Porsche moves to take control of Volkswagen

By Karen Attwood

A shake-up in the European automobile industry yesterday saw Porsche move to take a controlling stake in Volkswagen just hours after VW agreed to buy more than two-thirds of Swedish truck maker Scania.

Porsche, which makes the 911 sports car, is expected to spend £7.6 billion ($18.74 billion) to lift its stake in Europe's biggest car maker from 31 per cent to 50 per cent, but said it had no plans to merge the two companies.

"Our aim is to create one of the strongest and most innovative automobile alliances in the world, which is able to measure up to the increased international competition," Porsche's chief executive Wendelin Wiedeking said.

In a busy day for the car and truck industry, VW earlier signed off on a US$4 billion ($4.96 billion) deal to take majority control of Scania by buying out Sweden's Wallenberg family.

The agreement to buy the family's 31 per cent in voting rights in the company put an end to one of the most bitter takeover battles in corporate history. Scania fended off a rival bid from Germany's MAN last year and the future of the group has been in doubt ever since.

The deals are being seen as a triumph for VW chairman Ferdinand Piech, the grandson of Ferdinand Porsche who created the VW Beetle shortly before World War II. The Piech and Porsche families have a controlling shareholding in the sports car maker Porsche.

Piech, who is also chairman of MAN, is believed to be hoping to form an alliance that is able to challenge Japan's Toyota.

Porsche's board held an unscheduled meeting this week at which it gave the go-ahead for managers to increase the company's stake in VW. A review by the regulatory authorities is expected to take months.

The sports car maker had already positioned itself as VW's largest shareholder in order to protect it from a potential takeover after the European Court of Justice ruled last year that Germany's "VW law" had illegally shielded the company, which owns Bentley, Skoda and Lamborghini, from takeovers. The state of Lower Saxony is the second largest shareholder, with more than 20 per cent.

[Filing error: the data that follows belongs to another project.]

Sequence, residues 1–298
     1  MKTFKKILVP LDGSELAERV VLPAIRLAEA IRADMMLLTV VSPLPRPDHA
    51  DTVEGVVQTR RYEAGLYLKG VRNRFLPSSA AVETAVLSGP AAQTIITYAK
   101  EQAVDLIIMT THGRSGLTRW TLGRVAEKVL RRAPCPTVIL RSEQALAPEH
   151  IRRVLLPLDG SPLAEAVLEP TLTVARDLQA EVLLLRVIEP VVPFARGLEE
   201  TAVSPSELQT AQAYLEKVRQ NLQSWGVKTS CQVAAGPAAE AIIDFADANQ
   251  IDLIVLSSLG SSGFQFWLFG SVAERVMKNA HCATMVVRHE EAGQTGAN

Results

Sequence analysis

VW is important to Porsche as it supplies technology and manufacturing facilities for its products, especially the highly profitable Porsche Cayenne, the SUV credited with keeping Porsche solvent. Porsche is the more profitable car maker in terms of margins.

Wiedeking has previously said there will be "no sacred cows" at VW as he seeks to boost profitability and quality.

In a controversial move last year, Porsche made a low-ball bid for all of VW in order to see off private equity interest, which means it can now raise its stake without making the offer to all shareholders. Before details of the Porsche move emerged, VW chief executive Martin Winterkorn said at a news conference in Stockholm that uncertainty over Scania's ownership had finally been laid to rest. "This is a major step forward for all parties involved," he said.

Referring to a bid from Volvo that fell foul of European antitrust regulators almost a decade ago, Scania chief executive Leif Ostling added: "One could say the company has been in play since January 1999. That is a very long period. What we have seen now is that, most likely, the period of speculation around the ownership of Scania will be gone and that is very good for the company management and the people working within the organisation."

Ostling was forced to apologise during MAN's hostile takeover approach in 2006 after he likened the move to a German "blitzkrieg".

Last week, Volkswagen said that it had more than tripled pre-tax profit last year as it forecast a further rise in earnings and revenues, partly due to cost cuts. Pre-tax profit hit €6.5 billion ($12.27 billion), up from €1.8 billion the previous year.


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